It was December 1985 and Maruti Suzuki was still discovering its feet. The firm burst into the Indian automotive scene with the 800 in 1983.
Looking to switch away from the 800 and the Van based on it, the firm set its sights on Mahindra’s ‘Indianised’ Jeeps and brought the Jimny offroader into India. Dubbed the Maruti Suzuki ‘Gypsy’, the SJ40 series gained quite a cult following in India.
Despite the Jimny sold in other markets moving forward by two generations, Maruti Suzuki persisted with the Gypsy taking orders for civilians till December 2018 before tightening emission and safety norms rang the death knell for the offroader.
Since then, rumours about the 4th Gen Jimny arriving in India filled the pages of automotive chat rooms across the nation. Maruti Suzuki ended the speculation at Auto Expo 2023 when it revealed the all-new Jimny for India.
However, the Maruti Suzuki Jimny sported five doors instead of the three-door layout prefered elsewhere which had us more than intrigued about how the new SUV would perform given there was no increase in the output from the powerplant.
So when Maruti Suzuki gave us the chance to test out the new Jimny near Dehradun, we dumped everything to see if there was a new king of the dirt tracks. The answers we received had us shining up a dusty old crown and well if you wish to know why, I’d suggest you keep reading and get ready to prostrate yourself in front of the returning king…
Maruti Suzuki Design & Features – Rugged Retro Boxiness With A Few Modern Amenities
The Maruti Suzuki Jimny is identical to its 3-door sibling except for the extra length due to the presence of an extra door on each side. So while it may be longer, the India-spec Jimny is just as boxy and rugged as its international counterpart.
The Maruti Jimny is a throwback to the 1st and 2nd iterations of the SUV. The front end sports circular LED headlights that are connected by five chrome-adorned vertical slats with the central one hosting the Suzuki badge. The tiny circular turn indicators sit near the headlights on the top edges of the grille.
The front bumpers on the Maruti Suzuki Jimny are angled to increase the ground clearance at the wheels of the SUV. Made using toughened plastic, the bumpers play host to the fog lamps and a large central air intake.
The sides of the Jimny reflect the rugged nature of the boxy little beast. The flared wheel arches are made from toughened plastic and play host to 15-inch alloy wheels that are shod with road-specific rubber.
The switch to a five-door layout has meant that the rear three-quarter glass panel has shrunk significantly. The roof, which is finished in a bluish-black shade in the dual-tone versions of the Jimny, features drip rails on the sides and the rear to ensure that water doesn’t drip on you when you enter or exit the SUV.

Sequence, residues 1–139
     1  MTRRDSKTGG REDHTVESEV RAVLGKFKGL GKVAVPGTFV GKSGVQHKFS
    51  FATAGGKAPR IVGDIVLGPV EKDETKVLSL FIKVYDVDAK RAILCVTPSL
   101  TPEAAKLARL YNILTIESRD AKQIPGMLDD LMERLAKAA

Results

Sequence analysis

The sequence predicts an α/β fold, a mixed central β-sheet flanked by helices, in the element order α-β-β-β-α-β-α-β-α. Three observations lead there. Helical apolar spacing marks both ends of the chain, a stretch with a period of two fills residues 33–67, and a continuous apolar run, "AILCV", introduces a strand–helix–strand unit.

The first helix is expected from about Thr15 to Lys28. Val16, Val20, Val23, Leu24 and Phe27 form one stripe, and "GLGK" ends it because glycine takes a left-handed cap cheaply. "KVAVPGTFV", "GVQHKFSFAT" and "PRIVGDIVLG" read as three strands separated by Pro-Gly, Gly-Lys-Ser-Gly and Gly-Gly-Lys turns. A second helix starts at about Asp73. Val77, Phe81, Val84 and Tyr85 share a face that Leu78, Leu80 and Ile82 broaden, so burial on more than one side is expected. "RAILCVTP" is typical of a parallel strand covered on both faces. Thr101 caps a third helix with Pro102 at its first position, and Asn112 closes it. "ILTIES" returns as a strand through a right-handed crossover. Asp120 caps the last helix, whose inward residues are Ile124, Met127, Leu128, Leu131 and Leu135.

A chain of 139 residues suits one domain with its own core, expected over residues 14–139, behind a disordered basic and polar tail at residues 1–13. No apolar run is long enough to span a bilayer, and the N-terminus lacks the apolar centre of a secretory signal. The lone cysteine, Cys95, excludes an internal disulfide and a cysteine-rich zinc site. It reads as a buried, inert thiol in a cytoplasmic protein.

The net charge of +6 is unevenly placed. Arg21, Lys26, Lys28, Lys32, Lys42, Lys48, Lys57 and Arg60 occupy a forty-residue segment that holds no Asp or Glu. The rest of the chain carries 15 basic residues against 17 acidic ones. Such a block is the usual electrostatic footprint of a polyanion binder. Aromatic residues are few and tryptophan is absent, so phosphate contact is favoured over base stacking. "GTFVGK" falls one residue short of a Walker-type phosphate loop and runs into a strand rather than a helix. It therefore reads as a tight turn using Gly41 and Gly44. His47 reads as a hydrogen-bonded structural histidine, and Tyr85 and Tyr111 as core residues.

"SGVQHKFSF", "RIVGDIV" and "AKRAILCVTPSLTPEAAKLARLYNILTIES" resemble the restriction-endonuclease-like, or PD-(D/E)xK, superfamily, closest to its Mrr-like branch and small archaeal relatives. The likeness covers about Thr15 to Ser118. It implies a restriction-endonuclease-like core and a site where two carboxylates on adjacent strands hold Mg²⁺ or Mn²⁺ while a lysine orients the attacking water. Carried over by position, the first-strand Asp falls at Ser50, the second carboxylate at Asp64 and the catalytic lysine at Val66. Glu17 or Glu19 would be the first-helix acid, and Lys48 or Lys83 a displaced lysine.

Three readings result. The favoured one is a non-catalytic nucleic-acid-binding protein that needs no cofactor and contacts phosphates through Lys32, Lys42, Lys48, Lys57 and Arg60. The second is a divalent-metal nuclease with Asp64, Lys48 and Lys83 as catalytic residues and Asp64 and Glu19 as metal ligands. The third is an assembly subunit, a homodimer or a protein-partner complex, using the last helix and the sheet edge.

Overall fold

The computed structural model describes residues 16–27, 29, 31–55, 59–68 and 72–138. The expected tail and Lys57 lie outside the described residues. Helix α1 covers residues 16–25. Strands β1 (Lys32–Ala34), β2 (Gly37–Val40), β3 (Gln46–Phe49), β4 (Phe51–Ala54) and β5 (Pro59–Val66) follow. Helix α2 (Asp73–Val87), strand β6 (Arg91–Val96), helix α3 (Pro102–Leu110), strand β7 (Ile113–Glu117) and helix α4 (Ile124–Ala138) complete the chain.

The rear section of the Jimny is as boxy as the rest of the SUV except for the spare wheel which is mounted onto the rear door of the SUV. Except for the third brake light which lives on the door, the Jimny’s entire rear lighting setup can be found in two pods on the rear bumper.
Step inside the all-new Jimny and you’ll be greeted by a spartan interior that features a few creature comforts that bring it into the 21st century. The most noticeable of these features comes in the form of the infotainment screen that is offered in either 7 or 9-inch screen options.
The infotainment touchscreen allows access to connectivity options like Bluetooth, Android Auto and Apple CarPlay for your music and navigation needs. The infotainment system is connected to a surround sound system that belts out your favourite tunes with ease.
The rest of the cabin is made to deal with the rough world that every Jimny owner must experience – the great outdoors. The dials are big and analogue and there is a small multi-information display in between for all your other required car-related information.
The seats are designed to absorb all the bumps and jumps you’ll find up and down a rocky crag. The front passenger also gets a grab rail to hold onto when you decide to get adventurous with your right foot on the dirt and rocks.
The dash and other sections are made fromscratch prooff material, so your house panther will need to transform into ‘Panthera leo’ to make a mark here. The controls are all rather large and easy to find but we do wish Maruti Suzuki took a bit more time to arrange them a bit more intuitively.
The Jimny also comes with a host of safety features including 6 airbags, ABS with EBD, Brake Limited Slip Differential, Hill Hold Control, Hill Descent Control, Brake Assist, rearview camera and ISOFIX anchor points for child seats.